Friday, October 31, 2008

Zack and Miri Make a Porno

“Sometimes you need someone else to show you the things you can’t see.”

The latest from writer/director Kevin Smith focuses on two lifelong friends and roommates who find themselves under a mountain of debt with no money to pay off rising expenses.

Out of other, more conventional, options Zack (Seth Rogen) and Miri (Elizabeth Banks) decide to make a porno together in hopes of raising enough money to get their water and heat turned back on.

Those familiar with Smith’s films will feel right at home here with the vulgar humor tinged with some sweetness. There’s also some Star Wars references thrown in, and I would like to know what George Lucas thought of Zack and Miri’s first porno idea.

You’ll also notice some staples of the View Askew universe in small roles including Jason Mewes, Jennifer Schwalbach, and Jeff Anderson as those who chip in to help on the film.

Although it’s nice to see the familiar faces its the newcomers who fair best here. Banks and Rogen have a nice chemistry and are well-cast as friends who could be more, Katie Morgan and Traci Lords (wait until you learn why she is called Bubbles) provide some memorable moments, Brandon Routh has a funny cameo during the high school reunion (though Justin Long‘s performance is too over-the-top for me), and Craig Robinson, who’s given the best line of the film, nearly steals the show.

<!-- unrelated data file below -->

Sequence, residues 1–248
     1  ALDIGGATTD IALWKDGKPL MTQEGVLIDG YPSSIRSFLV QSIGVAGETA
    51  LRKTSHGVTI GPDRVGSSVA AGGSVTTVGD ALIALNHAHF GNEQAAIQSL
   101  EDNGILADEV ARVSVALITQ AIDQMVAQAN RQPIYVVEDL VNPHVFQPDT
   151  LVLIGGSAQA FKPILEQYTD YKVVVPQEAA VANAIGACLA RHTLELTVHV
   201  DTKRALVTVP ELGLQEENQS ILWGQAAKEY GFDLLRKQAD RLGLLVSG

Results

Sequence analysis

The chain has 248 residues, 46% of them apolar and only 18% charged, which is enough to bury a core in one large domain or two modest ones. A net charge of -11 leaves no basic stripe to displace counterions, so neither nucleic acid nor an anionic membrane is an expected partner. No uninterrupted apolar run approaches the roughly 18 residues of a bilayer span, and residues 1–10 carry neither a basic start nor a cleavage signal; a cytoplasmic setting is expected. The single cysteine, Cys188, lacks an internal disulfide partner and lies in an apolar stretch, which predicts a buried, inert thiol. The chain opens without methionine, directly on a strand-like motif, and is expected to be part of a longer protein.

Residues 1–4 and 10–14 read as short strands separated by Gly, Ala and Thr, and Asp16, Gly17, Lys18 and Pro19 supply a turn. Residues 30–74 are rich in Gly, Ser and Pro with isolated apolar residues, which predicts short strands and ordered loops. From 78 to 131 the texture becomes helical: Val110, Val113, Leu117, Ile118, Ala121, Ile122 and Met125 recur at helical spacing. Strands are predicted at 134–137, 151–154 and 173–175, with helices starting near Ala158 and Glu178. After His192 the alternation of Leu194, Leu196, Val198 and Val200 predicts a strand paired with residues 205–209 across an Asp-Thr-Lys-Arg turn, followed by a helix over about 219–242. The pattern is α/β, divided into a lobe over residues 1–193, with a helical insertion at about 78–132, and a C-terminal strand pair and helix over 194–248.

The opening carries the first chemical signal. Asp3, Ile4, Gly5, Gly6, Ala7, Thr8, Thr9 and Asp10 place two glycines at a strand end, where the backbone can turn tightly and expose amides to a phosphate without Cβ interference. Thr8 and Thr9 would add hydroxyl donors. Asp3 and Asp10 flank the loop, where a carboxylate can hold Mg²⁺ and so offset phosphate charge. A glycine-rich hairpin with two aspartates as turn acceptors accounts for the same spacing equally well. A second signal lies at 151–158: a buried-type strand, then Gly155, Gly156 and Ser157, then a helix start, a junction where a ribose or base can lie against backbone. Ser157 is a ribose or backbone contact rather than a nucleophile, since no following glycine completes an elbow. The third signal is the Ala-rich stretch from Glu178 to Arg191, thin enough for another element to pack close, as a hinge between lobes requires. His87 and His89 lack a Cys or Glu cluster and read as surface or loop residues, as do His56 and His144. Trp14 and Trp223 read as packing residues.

There aren’t too many surprises here and you can guess where the story and characters will end up. For a film about making a porno there’s not as much sex as you would expect in the film (which was initially branded NC-17 by the MPAA), and I like how it’s used mostly as a vehicle for humor and to develop the relationship between the two leads.

Zack and Miri won’t knock your socks off but it’s a fun potty-mouth filled film (at times litrally) with a nice message of friendship and love mixed in. I’m happy to see Smith put on a film which doesn’t star Ben Affleck or the center around the Clerks duo, but now I hope he branches out even more with his next project and tries something a little different.


“Miss Collins, if that’s your son I’ll eat my yardstick.”

Based on a true story the film, set in Los Angeles of the 1920’s, tells the tale of Christine Collins (Angelina Jolie) and her missing son.

When the police reunite her with who they believe to be her son Collins quickly finds plenty of evidence to support her own feelings that this boy is not Walter. Attempts to get the police to acknowledge their mistakes fall on deaf ears and eventually Collins is thrown into an asylum for her “irrational” behavior. Cue the inevitable electro-shock scene.

Director Clint Eastwood gives us a terrific looking picture filled with crazy and bizarre events. However the film’s mood is never quite right and many of the disturbing events, such as the inane explanations in the change of Walter by the officer in charge (Jeffrey Donovan) and a doctor (Peter Gerety), come off silly rather than menacing.